Polar Bears go for the cold during Special Olympics’ Plunge

About 4,000 hearty souls are expected to dip their toes in the icy Atlantic Ocean Feb. 5 for the Lewes Polar Bear Plunge to benefit the Special Olympics. (Delaware State News file photo/Marc Clery)

REHOBOTH BEACH — There is something about jumping into the frigid waters of the Atlantic Ocean in February that can make a person run the full gamut of emotions in just a matter of seconds.

It is the combined factor of frigid weather, fear and fun that attracts thousands of people, also known as Bears, each year to participate in the Lewes Polar Bear Plunge, which will be celebrating its 26th annual edition in Rehoboth Beach on Sunday, Feb. 5 at 1 p.m.

Not only is the Polar Bear Plunge usually a zany day of craziness, but it also the largest fundraiser of the year for Special Olympics Delaware and serves as the perfect tune-up to Super Bowl Sunday festivities.

“I think it’s just the challenge,” said Dover’s Don Sloan, who will be participating in the plunge for the 16th time this year. “You don’t think about it.

“You’ve got adrenaline going full speed ahead when go in the water. When you get out of the water it actually feels warmer. Once you get in and get out, you realize that everything’s going to be OK.”

Mr. Sloan had raised $3,508 in pledges by midday Tuesday. It was the second-highest individual total so far.

That is another thing that makes the plunge so special. The money raised goes to a worthy cause as it supports 4,000 Special Olympics Delaware athletes with year-round sports training, competition, health and fitness opportunities and more.

Plus, as Jon Buzby, the director of media relations and program innovations for Special Olympics Delaware, said, participants just never know what to expect.

Mr. Buzby has taken the wintry dip in all but the first Polar Bear Plunge. There is one year in particular that stands out in his mind.

“I’d have to say the most memorable thing was 1995 when 339 people jumped in the ocean when the air temperature was zero degrees and a minus-25 wind chill,” he said.

The event has certainly gained in stature throughout the years. In its inaugural year in 1992, there were 78 people

From left, Bruce and Claudia Leister of Magnolia, and Don Sloane of Dover, experienced relatively mild weather at last year’s Polar Bear Plunge. (Submitted photo)

who took the plunge and raised $7,000. Last year, 3,501 plunge participants raised an event-record $820,000.

Human polar bears have raised more than $9.1 million over the past 25 years.

“I think it’s a combination of the cause and it being a unique fundraising event,” Mr. Buzby said. “People have made this an annual get-together with family, friends, college roommates and others.

“And now we are seeing second and third generations of the original plungers taking part in it. It’s an event that can be successfully completed no matter your age, income, where you are from or what kind of shape you are in.”

The fundraiser moved from its original home in Lewes to Rehoboth Beach in 1998 and has grown with participants and fundraising each year since.

Mr. Buzby hopes to have 4,000 plungers take the quick, cold dip into the ocean this year. As of noon on Tuesday, 2,145 Bears had registered for this year’s event.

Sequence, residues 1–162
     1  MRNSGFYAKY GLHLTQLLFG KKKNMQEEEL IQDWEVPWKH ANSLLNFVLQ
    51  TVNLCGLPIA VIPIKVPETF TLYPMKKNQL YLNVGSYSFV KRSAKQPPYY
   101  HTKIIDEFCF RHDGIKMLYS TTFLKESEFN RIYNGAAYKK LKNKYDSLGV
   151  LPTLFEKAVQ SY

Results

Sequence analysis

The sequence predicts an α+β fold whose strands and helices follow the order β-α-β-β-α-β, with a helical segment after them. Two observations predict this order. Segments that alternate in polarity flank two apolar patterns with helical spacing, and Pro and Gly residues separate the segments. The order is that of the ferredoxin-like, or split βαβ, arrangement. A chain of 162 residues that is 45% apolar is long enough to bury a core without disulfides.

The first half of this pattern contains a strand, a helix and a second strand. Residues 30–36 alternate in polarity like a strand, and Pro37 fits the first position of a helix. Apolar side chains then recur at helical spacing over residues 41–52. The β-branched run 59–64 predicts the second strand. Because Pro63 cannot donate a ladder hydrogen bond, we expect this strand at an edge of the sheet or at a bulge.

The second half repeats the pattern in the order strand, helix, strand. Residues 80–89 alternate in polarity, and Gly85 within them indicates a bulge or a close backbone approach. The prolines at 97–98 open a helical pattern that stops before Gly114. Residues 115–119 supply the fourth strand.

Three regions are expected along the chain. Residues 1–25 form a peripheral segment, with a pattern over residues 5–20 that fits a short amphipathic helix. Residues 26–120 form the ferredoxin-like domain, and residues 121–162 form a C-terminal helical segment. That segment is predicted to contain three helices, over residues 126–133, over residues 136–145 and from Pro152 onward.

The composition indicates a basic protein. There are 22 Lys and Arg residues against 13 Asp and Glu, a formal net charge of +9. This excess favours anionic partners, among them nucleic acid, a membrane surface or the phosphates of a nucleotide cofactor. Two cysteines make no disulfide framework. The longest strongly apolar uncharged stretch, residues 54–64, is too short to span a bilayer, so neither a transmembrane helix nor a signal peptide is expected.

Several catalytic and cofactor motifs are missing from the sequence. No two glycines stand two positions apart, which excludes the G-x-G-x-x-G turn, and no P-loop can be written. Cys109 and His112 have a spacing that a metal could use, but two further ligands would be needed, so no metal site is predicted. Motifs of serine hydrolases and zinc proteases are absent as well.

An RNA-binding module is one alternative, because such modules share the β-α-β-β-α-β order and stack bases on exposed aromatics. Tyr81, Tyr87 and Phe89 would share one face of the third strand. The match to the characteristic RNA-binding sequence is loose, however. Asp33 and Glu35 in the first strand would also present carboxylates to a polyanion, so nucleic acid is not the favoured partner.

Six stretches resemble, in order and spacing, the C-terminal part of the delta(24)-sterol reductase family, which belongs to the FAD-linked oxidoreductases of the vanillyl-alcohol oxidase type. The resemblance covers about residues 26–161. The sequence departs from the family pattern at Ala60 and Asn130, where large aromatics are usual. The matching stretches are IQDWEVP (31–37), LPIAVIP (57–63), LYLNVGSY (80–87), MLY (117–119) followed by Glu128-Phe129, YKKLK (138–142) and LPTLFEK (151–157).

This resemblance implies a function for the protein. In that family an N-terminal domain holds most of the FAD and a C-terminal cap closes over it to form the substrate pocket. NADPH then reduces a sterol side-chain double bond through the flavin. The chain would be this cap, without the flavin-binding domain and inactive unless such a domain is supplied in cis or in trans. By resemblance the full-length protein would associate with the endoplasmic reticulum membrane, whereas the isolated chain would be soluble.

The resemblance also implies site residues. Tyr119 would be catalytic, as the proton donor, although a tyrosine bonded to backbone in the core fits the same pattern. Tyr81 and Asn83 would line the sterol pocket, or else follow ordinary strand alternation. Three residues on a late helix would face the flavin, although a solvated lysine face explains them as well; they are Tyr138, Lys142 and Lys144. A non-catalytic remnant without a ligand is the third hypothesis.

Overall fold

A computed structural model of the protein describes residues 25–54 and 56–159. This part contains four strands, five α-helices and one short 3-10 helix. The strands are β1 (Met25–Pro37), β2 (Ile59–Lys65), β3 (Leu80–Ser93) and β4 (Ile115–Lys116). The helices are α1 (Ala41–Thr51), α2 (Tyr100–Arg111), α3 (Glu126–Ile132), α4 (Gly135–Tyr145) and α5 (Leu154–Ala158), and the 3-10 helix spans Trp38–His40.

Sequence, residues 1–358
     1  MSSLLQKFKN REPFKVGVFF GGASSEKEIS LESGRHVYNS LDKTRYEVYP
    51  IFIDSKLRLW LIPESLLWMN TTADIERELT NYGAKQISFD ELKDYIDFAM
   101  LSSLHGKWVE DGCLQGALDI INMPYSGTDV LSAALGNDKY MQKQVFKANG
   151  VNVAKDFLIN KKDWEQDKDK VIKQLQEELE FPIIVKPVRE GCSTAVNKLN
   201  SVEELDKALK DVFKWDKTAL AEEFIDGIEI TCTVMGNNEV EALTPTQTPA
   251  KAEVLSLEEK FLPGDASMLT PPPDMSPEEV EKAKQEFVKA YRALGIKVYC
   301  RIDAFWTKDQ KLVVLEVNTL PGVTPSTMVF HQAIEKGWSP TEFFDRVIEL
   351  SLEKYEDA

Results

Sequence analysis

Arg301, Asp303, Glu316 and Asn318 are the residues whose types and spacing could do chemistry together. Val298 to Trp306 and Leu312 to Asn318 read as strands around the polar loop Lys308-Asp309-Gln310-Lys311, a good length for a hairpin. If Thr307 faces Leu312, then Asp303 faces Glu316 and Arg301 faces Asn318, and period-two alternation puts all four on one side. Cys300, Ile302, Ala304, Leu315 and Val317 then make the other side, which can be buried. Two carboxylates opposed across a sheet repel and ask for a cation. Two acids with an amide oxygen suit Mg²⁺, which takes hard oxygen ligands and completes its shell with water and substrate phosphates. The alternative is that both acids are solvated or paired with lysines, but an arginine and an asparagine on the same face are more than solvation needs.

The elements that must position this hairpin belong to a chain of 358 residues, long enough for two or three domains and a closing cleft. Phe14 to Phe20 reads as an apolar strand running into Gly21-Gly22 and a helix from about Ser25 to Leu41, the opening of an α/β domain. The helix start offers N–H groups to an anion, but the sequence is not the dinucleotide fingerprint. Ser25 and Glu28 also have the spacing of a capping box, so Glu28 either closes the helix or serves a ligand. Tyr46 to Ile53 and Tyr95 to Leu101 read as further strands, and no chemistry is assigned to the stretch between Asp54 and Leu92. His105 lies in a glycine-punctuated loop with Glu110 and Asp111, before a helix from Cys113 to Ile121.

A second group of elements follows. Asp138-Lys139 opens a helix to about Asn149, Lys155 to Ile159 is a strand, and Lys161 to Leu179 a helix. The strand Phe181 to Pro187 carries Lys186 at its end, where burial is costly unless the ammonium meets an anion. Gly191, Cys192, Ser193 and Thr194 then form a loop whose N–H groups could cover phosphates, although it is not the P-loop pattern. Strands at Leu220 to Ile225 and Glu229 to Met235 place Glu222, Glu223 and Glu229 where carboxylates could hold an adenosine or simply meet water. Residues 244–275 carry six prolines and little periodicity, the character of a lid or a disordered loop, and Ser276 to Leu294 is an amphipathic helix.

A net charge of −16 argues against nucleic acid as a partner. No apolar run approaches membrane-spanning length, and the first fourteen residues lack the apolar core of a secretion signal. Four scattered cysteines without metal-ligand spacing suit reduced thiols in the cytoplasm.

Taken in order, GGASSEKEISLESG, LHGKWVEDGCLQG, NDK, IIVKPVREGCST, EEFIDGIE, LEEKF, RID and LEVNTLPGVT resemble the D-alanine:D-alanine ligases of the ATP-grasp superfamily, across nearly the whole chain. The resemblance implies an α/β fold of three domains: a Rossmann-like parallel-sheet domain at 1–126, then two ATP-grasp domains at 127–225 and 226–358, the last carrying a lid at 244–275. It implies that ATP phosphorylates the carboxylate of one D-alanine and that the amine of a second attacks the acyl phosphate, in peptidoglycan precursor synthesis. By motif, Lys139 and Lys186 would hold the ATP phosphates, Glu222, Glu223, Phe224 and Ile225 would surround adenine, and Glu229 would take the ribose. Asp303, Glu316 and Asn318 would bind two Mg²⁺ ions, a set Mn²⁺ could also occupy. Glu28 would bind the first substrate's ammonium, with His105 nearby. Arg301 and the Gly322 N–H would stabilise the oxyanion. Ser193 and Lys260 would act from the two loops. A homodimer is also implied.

“Our number of plungers the past few years we’ve always (tried to attract) the (same) number of athletes we serve, which has grown from 3,700 last year to 4,000 this year,” he said. “So our goal is 4,000 Bears.

“We’ve been fortunate to increase the fundraising amount every single year of the plunge and so our hope would be this year we’d do the same and raise more than last year’s $820,000.”

Nowadays, the Polar Bear Plunge is more than just an hour or two of fun on a Sunday. It has grown into an entire weekend event.

Not only is there Sunday’s plunge, there will also be Saturday, Feb. 4 events such as the Hot Wings & Ice Cream Sampling at the Rehoboth Beach Firehouse at noon, the 5K Run to the Plunge at 1 p.m. and the Restaurant Chili Contest at 2:30 p.m. at several downtown restaurants.

Plunge Weekend Festival visitors can also witness sandcastles at the plunge throughout the day Saturday, as creations will be formed in the sand by beach artists Darrell O’Connor and Andy West from 11 a.m. to 3 p.m. on the beach south of Rehoboth Avenue.

There will also be Ice Carving at the Plunge in the vicinity of the boardwalk on Sunday.

“Special Olympics Delaware has worked with the town quite a bit in promoting the Polar Bear Plunge,” Mr. Sloan said. “It’s a pretty big event now.

“My girlfriend will be participating in her first plunge this year. We plan to eat, drink and plunge — and then come back to Dover for a little Super Bowl festivities.”

Mr. Buzby is pleased with how the event has broken into the consciousness of the entire state over the years.

“This really is much more than the plunge,” he said.

“The weekend festival provides families an opportunity to participate in several events that are not only fun, entertaining and sometimes educational, but also help contribute to the total money raised for the weekend.

“Overall, just watching it grow from a small fundraiser to a weekend-long, multi-event fundraiser that attracts more than 25,000 people throughout the weekend is simply amazing. We truly believe that being part of the SODE Polar Bear Plunge is a ‘Delaware thing to do.’”

For more information, visit plungede.org.

Delaware State News staff writer Mike Finney can be reached at mfinney@newszap.com.

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